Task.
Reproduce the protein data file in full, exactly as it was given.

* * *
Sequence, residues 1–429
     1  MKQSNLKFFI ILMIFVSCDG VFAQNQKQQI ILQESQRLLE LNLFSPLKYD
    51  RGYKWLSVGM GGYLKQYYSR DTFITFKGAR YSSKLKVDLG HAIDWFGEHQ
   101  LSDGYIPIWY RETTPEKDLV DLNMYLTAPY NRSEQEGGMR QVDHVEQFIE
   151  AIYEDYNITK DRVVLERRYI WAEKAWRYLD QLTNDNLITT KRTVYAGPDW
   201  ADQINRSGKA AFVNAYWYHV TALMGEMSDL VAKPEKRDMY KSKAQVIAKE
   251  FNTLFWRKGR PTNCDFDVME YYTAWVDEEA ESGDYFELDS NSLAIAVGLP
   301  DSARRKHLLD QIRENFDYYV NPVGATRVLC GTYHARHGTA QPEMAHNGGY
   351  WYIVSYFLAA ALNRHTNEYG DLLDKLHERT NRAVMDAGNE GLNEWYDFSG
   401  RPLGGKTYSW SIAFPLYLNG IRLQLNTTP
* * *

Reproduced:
Sequence, residues 1–429
     1  MKQSNLKFFI ILMIFVSCDG VFAQNQKQQI ILQESQRLLE LNLFSPLKYD
    51  RGYKWLSVGM GGYLKQYYSR DTFITFKGAR YSSKLKVDLG HAIDWFGEHQ
   101  LSDGYIPIWY RETTPEKDLV DLNMYLTAPY NRSEQEGGMR QVDHVEQFIE
   151  AIYEDYNITK DRVVLERRYI WAEKAWRYLD QLTNDNLITT KRTVYAGPDW
   201  ADQINRSGKA AFVNAYWYHV TALMGEMSDL VAKPEKRDMY KSKAQVIAKE
   251  FNTLFWRKGR PTNCDFDVME YYTAWVDEEA ESGDYFELDS NSLAIAVGLP
   301  DSARRKHLLD QIRENFDYYV NPVGATRVLC GTYHARHGTA QPEMAHNGGY
   351  WYIVSYFLAA ALNRHTNEYG DLLDKLHERT NRAVMDAGNE GLNEWYDFSG
   401  RPLGGKTYSW SIAFPLYLNG IRLQLNTTP